Now showing 1 - 8 of 8
  • Publication
    Profile Calculation and Bridge Damage Detection Using Vehicle-based Inertial Readings and the Fleet Monitoring Concept
    (University College Dublin. School of Civil Engineering, 2022) ;
    The aim of this research is to use inertial vehicle sensor data to determine road and rail profiles and to monitor bridge condition. A novel fleet monitoring concept is developed to determine profiles and detect bridge damage using a fleet of instrumented vehicles. To improve the robustness of the calculation, a Bayesian updating method is used. To calculate the profile from vehicle response, a novel Inverse Newmark-Beta method is developed. Newmark-Beta allows vehicle acceleration to be calculated in response to an excitation such as a surface profile. Inverse Newmark-Beta finds the excitation corresponding to a known acceleration. For a single vehicle, the profile can be found if the vehicle properties are known. However, for a single vehicle, acceleration by itself is not enough to determine both profile and vehicle properties. Fortunately, a fleet of vehicles provides additional information that can be used to address this problem. To solve the fleet monitoring problem, the Inverse Newmark-Beta method is combined with the Cross Entropy (CE) optimisation method. Here, the road profile is calculated using accelerations from multiple vehicles, without prior knowledge of the vehicle properties. Sprung mass and half-car models are used to represent the vehicle and test this method separately. Numerical results show that the calculated profiles are the same as the ‘true’ profiles. The absolute values of the vehicle properties are not obtained but this algorithm can determine the relative values. Noise added to the accelerations has an influence on the calculated results. The fleet monitoring concept is used again to determine a flexible railway profile. The ‘apparent profile’(AP) of the railway track is defined as the true surface profile plus components of track deflection. Again, the Inverse Newmark-Beta method and CE optimisation are used together to solve this problem. Here, the train is simulated as a 4-axle carriage model and the railway track is represented by a beam supported on spaced sprung masses. The calculated AP of railway track is found to be very close to the true one. Since the previous method is sensitive to noise, the fleet monitoring concept is also solved using a Bayesian Updating method. The road profile is again determined using vehicle measurements. The calculated road profile is close to the true profile and is insensitive to noise in the simulated measurements. In addition, it can determine the relative vehicle properties at the same time. A 3-D ‘carpet’ road profile is also tested and shows good results. This thesis goes on to use similar principles of fleet monitoring to assess bridge condition. Firstly, a novel method is proposed to calculate the moving reference influence line (MR-IL), i.e., the deflection due to a moving (static) unit load at the (moving) location of that load. The results show that the MR-IL can indicate the condition of a bridge. The AP of a railway bridge is used to calculate the MR-IL. This numerical approach is assessed using a blind test operated by an independent research group. In the blind test, a frame structure is used to model the railway bridge and different levels of global damage are simulated. Using a 4-axle train carriage model, the damage levels of the bridge are inferred accurately. When a half car model is used to represent the train bogie, damage levels can be found again with less accuracy. The bridge damage is then detected using the Bayesian Updating method, with drive-by data. For local damage, the second moments of area of each segment of the bridge is updated as data becomes available. It is shown in simulations that estimates of the bridge second moments of area can be found even with local damage. The vehicle mass can be calculated. Bridge bearing damage is also simulated in this section. Using the Bayesian method, the value of bearing rotational spring stiffness, bridge second moments of area and vehicle masses can be calculated.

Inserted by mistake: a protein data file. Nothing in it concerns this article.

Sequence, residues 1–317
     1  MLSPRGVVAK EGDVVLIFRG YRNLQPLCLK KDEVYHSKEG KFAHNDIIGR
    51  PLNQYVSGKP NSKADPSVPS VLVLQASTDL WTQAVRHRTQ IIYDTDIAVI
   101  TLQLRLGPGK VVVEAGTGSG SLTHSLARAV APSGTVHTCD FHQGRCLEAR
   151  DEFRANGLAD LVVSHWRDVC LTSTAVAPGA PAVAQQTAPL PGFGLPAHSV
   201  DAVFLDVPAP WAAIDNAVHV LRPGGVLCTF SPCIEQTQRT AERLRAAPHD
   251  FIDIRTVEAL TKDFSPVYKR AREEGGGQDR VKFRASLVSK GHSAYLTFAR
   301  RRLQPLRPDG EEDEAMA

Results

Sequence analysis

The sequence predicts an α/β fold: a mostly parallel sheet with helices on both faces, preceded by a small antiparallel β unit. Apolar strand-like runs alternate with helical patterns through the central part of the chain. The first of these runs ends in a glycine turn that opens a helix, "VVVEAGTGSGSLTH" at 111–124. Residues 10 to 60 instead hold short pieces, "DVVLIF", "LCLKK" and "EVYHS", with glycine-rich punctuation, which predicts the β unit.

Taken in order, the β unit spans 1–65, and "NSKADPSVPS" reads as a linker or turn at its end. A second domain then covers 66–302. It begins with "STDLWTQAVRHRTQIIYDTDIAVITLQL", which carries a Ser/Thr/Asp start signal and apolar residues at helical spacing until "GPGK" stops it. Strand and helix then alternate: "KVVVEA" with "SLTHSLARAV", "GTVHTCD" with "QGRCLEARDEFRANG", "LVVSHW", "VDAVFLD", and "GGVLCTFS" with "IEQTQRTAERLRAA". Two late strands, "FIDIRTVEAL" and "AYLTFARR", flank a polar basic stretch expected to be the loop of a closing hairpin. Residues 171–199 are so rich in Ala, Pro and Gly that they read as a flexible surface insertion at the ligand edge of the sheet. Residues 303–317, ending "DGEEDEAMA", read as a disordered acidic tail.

• Publication
    Indirect Monitoring of Railway Bridges by Direct Integration
    Railway bridges are of importance as critical elements in transportation networks. Unfortunately, many railway bridges are old and these structures are subject to degradation over time. To monitor bridge structures, many methods are introduced. In recent years, indirect bridge monitoring methods have become more popular. These methods use passing vehicles to measure dynamic responses such as accelerations. In this paper, a new direct integration approach is introduced to directly calculate the apparent railway track profile (AP) that is consistent with the measured accelerations. An adaptation of the Newmark Beta numerical method is used for this purpose. Using AP, bridge displacement profile difference (BDPD) is calculated to monitor bridges. The BDPD is the difference between the baseline (healthy) profile and the apparent profile after damage and environmental effects. BDPD is sensitive to temperature change and bridge damage. It has its own frequency which is close to the bridge frequency.
  • Publication
    A Two-Stage Direct Integration Approach to Find The Railway Track Profile Using In-Service Trains
    (Civil Engineering Research Association of Ireland, 2020-08-28) ; ;